Gandhi's assassin thought to be a Tamil terrorist

May 26, 1991|By Robert Benjamin | Robert Benjamin,Sun Staff Correspondent

NEW DELHI, India -- Who killed Rajiv Gandhi?

No one has been officially blamed for the former prime minister's assassination Tuesday night, but that has not stopped investigators from releasing "before" and "after" pictures of the chief suspect -- that is, pictures taken before and after she was blown to bits by the same bomb that also took the lives of Mr. Gandhi and at least 14 others.

what surely passes as one of the more gruesome most-wanted ads, the picture taken after the explosion -- a photo that ran in most major newspapers here yesterday -- shows a collection of body parts put back together in the shape of a young woman. One of the dailies just ran a picture of her head, which was severed by the blast.

The photo taken before the bomb blast shows the suspect, a woman perhaps 20 to 30 years old, calmly standing with a garland of flowers in her hand between two other women

as they awaited Mr. Gandhi's arrival at a campaign rally about 25 miles southwest of Madras in the southern Indian state of Tamil Nadu.

According to Indian press reports, the woman is the only one who died in the bomb blast whose body has not been claimed and whose identity is not known.

Nevertheless, Indian investigators reportedly believe that the woman was a trained terrorist on an apparent suicide mission for group called the Liberation Tigers of Tamil Eelam.

The LTTE is a militant Tamil separatist group that has been waging a bloody guerrilla war in Sri Lanka, at times from bases in Tamil Nadu.

Although the activities of the LTTE and other Tamil separatist groups were once openly tolerated in India, Mr. Gandhi earned their wrath in 1987 by sending Indian peacekeeping troops into Sri Lanka. The Indian forces ended up clashing with LTTE fighters before leaving in 1989.

A possible connection between the assassination and the LTTE was raised here within hours of Mr. Gandhi's death, long before any evidence from the scene of the explosion could have been collected.

The U.S. Central Intelligence Agency also was immediately blamed by some of Mr. Gandhi's distraught followers, but many do not believe that allegation.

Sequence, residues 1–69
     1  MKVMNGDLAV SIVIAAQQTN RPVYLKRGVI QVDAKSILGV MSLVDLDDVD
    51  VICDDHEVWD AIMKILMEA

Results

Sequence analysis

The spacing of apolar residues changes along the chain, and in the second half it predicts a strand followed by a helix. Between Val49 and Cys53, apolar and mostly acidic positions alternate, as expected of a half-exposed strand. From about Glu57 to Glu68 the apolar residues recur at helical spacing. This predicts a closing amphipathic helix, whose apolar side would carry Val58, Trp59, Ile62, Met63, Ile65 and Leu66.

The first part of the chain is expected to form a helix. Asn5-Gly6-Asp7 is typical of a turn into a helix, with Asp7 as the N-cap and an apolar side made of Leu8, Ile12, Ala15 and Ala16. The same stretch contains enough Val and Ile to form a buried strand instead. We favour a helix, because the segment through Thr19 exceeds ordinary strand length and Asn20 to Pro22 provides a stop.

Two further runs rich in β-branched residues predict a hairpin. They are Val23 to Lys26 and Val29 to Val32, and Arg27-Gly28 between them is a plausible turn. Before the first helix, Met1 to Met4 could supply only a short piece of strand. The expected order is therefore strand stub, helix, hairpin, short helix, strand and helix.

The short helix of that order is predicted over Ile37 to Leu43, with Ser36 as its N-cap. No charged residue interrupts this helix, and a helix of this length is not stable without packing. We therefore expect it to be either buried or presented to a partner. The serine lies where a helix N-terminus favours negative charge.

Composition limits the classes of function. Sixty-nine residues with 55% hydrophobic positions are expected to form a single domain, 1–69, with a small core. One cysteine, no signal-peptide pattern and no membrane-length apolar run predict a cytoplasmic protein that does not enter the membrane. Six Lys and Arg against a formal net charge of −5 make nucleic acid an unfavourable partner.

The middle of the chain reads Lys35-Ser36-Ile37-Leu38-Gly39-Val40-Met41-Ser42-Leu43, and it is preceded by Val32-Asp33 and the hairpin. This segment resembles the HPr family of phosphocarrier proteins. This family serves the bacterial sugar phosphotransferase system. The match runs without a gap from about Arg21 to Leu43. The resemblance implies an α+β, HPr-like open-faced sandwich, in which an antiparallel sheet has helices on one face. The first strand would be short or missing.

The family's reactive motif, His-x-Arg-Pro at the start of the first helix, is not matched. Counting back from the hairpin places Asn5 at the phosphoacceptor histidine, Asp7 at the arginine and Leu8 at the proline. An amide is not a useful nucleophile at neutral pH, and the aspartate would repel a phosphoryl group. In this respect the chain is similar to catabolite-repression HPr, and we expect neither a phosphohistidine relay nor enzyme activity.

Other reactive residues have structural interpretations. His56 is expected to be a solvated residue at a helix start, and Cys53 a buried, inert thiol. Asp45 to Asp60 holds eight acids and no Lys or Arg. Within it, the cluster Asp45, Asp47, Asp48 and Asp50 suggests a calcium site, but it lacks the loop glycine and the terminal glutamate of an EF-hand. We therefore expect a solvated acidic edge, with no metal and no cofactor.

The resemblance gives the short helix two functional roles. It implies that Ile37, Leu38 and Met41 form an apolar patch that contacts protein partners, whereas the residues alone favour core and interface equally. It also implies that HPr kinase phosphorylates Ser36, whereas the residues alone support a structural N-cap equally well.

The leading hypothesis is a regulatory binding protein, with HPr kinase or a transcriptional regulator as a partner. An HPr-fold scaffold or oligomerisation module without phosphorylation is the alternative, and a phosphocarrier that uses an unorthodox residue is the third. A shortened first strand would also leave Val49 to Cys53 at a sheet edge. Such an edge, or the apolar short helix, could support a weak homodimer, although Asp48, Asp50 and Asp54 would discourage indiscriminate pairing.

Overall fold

A LTTE spokesman in London has denied that his group had any involvement in the assassination, and some Indian political observers have now begun wondering in private whether blame has not been ascribed to the LTTE too early.

Doubts about the LTTE's alleged role in the murder were heightened yesterday with reports that the LTTE allegedly initiated what is described as a cordial meeting in March with Mr. Gandhi.

This would have been the group's first contact with him since Indian troops intervened in the Sri Lanka conflict.

During this alleged meeting, an LTTE representative reportedly told Mr. Gandhi that the group wanted to "forget the past," open new relations with him and see him return to power after India's now postponed national elections.

News of the possible meeting came as an Indian news service reported that authorities in Tamil Nadu already have rounded up an unspecified number of LTTE members and are holding them in an unspecified location.

Whatever the motivation for the assassination, investigators believe that evidence from the scene of the explosion shows that the suspect was a walking bomb, Indian press reports say.

While differing slightly, the reports generally allege that the explosives were concealed in the back of a waist belt worn by the woman under a loose dress.

The blast reportedly was triggered by the woman as she approached Mr. Gandhi with the garland of flowers in one hand and then bent forward as if to bow.

Investigators believe that the position of the explosives on her body explains why the woman's face was left intact even though her severed head was found about 50 feet away.

The explosives were a plastic type mixed with steel pellets, which were later retrieved from the victims' bodies.

The plastic explosive has been identified as a type that is made for the U.S. military, Indian reports said.

A local organizer of the campaign stop where Mr. Gandhi was killed, K. K. Sulaiman, said yesterday that

the suspect visited the rally site with two others about five hours before the explosion and asked for permission to give Mr. Gandhi a gift when he arrived, according to one report.

Mr. Sulaiman, who was injured in the blast, said he refused the woman's request, the report said.

A videotape was taken of the explosion by a photographer who had been hired by Mr. Gandhi's Congress Party.

That tape has been confiscated by India's Central Bureau of Investigation, Indian reports said.

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